Fast forward to November of my 16th year. My parents decided that we’d join the church again. It’s hard to pin down a specific reason for this, but keep in mind that my dad’s roots were all in Utah and all in the church. Joining again would mean reconnecting with our family and restoring broken bonds with them. My mom also had a special place in her heart for the church. She was a member for years back when she first joined in her twenties, and she loved the focus on families that was such a big a part of the culture. I was terrified when they told me. I thought of the women who all seemed to want the same things and do the same things and think the same things. I was so worried that I wouldn’t be able to follow my dreams. I was an ambitious kid, and I wanted to chase that. Long story short though, after the missionaries came to our house, it was all over for me. They seemed so normal and kind, and it reminded me of what it was like to believe in a god. I was agnostic growing up, so it was suddenly kind of comforting to meet people who were so convinced, but also seemingly normal. So I agreed to get baptized too, and in January, we all did.
There were a lot of challenges that came with being in the church. I had to swallow beliefs that were really out there, but when we moved to Utah, it was a lot easier. I was surrounded by pretty much only Mormons. If you’ve ever been to northern Utah (Cache Valley), you understand. It’s rare to meet a “non-member.” The state is run by them, because that’s where they went in the early days when they were run out of towns in Missouri because they were practicing polygamy, stealing other people’s wives, kidnapping daughters, burning printing presses, and raising a militia (something you don’t learn about as a member). So my teachers were all Mormons. My new friends and classmates were all Mormons. Now we lived close to our family on that side (who were now very welcoming), so now every person that we knew, hung out with, or spoke to was a Mormon. Mormon theology was spun into our classwork, and we attended seminary every school day at 6 a.m. I was known as “the convert” at school, and lots of boys wouldn’t go on dates with me because of it. I’d hear rumors that they thought I “wasn’t pure enough” or that they were worried I’d “corrupt the other young women.” I made really good friends in my senior year, but before that it was a lot of having to prove that I was righteous enough to spend time with, despite my heathen roots. All in all though, our individual ward (or congregation at our specific church building) completely embraced us. The Mormon church is a missionary church, so that was not surprising.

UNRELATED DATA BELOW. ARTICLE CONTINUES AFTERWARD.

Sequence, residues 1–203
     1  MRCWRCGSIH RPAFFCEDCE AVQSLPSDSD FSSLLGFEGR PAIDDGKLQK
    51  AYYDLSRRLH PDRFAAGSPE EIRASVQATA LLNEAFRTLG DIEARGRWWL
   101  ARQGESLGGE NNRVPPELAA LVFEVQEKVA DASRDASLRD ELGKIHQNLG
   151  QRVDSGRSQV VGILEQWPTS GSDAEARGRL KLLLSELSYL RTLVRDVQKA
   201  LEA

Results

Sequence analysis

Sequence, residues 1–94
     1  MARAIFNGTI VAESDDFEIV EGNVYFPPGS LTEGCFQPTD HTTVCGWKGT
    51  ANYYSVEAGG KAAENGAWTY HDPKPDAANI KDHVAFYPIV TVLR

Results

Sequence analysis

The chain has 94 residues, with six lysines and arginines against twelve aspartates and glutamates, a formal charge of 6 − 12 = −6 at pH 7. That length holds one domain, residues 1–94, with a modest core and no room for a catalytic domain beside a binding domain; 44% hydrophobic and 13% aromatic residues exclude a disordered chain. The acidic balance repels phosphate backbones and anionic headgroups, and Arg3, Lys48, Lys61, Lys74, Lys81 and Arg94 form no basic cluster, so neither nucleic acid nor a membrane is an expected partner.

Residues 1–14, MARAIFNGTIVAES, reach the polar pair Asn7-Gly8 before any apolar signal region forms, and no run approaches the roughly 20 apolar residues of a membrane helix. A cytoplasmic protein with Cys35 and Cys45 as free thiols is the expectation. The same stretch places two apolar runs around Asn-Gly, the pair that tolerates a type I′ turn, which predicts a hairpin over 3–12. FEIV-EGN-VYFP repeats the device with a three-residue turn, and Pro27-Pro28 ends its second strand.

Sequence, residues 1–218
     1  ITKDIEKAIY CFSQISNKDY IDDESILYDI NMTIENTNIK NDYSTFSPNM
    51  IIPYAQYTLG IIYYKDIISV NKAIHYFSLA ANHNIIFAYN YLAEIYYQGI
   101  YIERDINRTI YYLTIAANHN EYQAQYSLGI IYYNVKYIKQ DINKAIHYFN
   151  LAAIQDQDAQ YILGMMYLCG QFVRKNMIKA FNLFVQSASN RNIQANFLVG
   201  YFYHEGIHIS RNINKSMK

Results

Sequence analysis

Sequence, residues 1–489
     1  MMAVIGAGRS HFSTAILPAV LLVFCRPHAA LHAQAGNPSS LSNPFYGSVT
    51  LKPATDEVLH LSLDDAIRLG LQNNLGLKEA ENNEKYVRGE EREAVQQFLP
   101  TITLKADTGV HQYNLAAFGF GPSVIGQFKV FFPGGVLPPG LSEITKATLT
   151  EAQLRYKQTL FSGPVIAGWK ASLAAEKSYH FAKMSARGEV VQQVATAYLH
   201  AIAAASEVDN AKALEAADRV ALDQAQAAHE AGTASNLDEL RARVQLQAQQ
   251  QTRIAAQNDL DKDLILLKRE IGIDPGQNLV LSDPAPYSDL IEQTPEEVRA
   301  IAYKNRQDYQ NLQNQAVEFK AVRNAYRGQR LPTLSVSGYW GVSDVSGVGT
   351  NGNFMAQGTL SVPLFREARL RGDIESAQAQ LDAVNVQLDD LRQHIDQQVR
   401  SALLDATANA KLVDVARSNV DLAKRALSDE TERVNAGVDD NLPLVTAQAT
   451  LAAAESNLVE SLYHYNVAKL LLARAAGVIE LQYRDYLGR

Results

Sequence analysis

I learned quickly that my body was a shameful thing, and that I needed to hide it. We had to buy all new clothes, because Mormonism teaches that women must cover everything, including their shoulders, knees, and chests, and nothing could be too tight. On the flip side, women and girls are encouraged to “embrace their femininity” so the clothes should reflect that too. So we bought loose-fitting jeans, but they were light green. We bought high-necked shirts and long dresses for Sunday, but they were floral or otherwise feminine. Women are not allowed to wear pants to church, so we had to get a lot of clothes and adjust to dressing that way. No one is allowed to get more than one piercing (unless you’re a man—then you can’t get any), get any tattoos, dye your hair unnatural colors, or look like anything besides clean cut. I worked on cultivating a more feminine version of myself, and worked to become less passionate and loud, and more gentle and meek. Looking back, I remember feeling very guilty for wanting a big life and having goals. That all said though, we weren’t miserable or anything. We had community, our family loved us, and it was so fun to go hiking in the mountainous area.